AWS Certified Solutions Architect - Professional (#360)

A company runs a dynamic mission-critical web application that has an SLA of 99.99%. Global application users access the application 24/7. The application is currently hosted on premises and routinely fails to meet its SLA, especially when millions of users access the application concurrently. Remote users complain of latency. How should this application be redesigned to be scalable and allow for automatic failover at the lowest cost?

Use Amazon Route 53 failover routing with geolocation-based routing. Host the website on automatically scaled Amazon EC2 instances behind an Application Load Balancer with an additional Application Load Balancer and EC2 instances for the application layer in each region. Use a Multi-AZ deployment with MySQL as the data layer.
Use Amazon Route 53 round robin routing to distribute the load evenly to several regions with health checks. Host the website on automatically scaled Amazon ECS with AWS Fargate technology containers behind a Network Load Balancer, with an additional Network Load Balancer and Fargate containers for the application layer in each region. Use Amazon Aurora replicas for the data layer.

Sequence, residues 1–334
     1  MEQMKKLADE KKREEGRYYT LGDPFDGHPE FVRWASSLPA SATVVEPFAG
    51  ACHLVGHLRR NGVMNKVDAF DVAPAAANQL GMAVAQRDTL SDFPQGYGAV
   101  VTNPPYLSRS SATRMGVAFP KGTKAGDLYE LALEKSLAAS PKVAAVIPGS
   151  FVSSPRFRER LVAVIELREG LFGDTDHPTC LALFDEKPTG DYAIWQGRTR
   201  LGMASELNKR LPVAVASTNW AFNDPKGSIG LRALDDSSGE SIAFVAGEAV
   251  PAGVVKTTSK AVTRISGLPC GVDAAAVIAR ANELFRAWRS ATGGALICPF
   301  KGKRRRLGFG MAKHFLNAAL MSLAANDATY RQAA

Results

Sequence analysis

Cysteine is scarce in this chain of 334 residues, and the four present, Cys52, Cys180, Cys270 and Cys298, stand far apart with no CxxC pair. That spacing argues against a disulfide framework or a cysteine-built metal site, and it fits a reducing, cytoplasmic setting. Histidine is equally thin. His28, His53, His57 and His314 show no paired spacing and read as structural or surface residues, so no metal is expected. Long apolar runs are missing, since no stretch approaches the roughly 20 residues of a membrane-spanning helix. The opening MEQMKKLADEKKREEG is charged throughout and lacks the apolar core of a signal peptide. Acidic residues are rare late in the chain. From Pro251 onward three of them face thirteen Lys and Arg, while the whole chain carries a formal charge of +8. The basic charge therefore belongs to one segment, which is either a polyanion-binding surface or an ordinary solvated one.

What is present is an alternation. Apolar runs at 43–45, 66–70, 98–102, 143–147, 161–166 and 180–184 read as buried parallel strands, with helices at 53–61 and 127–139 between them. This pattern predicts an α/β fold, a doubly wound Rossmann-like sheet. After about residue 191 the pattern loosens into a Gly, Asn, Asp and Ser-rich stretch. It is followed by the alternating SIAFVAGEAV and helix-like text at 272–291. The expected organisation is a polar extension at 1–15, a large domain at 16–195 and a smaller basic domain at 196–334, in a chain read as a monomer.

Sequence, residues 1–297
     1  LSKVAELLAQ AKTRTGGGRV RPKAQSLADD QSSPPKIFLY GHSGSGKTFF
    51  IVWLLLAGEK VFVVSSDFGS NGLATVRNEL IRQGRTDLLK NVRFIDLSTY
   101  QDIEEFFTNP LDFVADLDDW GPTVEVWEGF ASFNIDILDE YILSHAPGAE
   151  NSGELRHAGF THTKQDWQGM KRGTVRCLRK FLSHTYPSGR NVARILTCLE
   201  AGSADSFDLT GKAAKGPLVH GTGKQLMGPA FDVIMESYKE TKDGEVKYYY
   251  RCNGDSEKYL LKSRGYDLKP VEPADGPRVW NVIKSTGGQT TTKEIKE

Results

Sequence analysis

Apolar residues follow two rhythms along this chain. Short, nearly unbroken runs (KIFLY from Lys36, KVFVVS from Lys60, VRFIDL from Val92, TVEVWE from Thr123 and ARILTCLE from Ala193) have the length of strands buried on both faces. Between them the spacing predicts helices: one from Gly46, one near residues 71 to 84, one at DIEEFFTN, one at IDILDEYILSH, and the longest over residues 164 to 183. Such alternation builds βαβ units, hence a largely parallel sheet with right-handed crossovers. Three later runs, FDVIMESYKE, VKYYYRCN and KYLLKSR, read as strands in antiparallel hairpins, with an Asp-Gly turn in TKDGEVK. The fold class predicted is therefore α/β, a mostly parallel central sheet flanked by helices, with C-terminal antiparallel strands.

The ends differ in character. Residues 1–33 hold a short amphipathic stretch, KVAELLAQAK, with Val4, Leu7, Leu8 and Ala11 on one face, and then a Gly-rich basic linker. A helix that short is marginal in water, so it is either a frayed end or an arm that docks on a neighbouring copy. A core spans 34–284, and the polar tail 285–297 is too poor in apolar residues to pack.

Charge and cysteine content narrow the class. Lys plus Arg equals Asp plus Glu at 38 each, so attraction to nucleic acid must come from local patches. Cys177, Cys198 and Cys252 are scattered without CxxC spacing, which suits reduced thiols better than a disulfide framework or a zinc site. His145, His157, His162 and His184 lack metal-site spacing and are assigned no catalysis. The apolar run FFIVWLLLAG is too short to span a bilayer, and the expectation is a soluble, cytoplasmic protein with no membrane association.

Use Amazon Route 53 latency-based routing to route to the nearest region with health checks. Host the website in Amazon S3 in each region and use Amazon API Gateway with AWS Lambda for the application layer. Use Amazon DynamoDB global tables as the data layer with Amazon DynamoDB Accelerator (DAX) for caching.
Use Amazon Route 53 geolocation-based routing. Host the website on automatically scaled AWS Fargate containers behind a Network Load Balancer with an additional Network Load Balancer and Fargate containers for the application layer in each region. Use Amazon Aurora Multi-Master for Aurora MySQL as the data layer.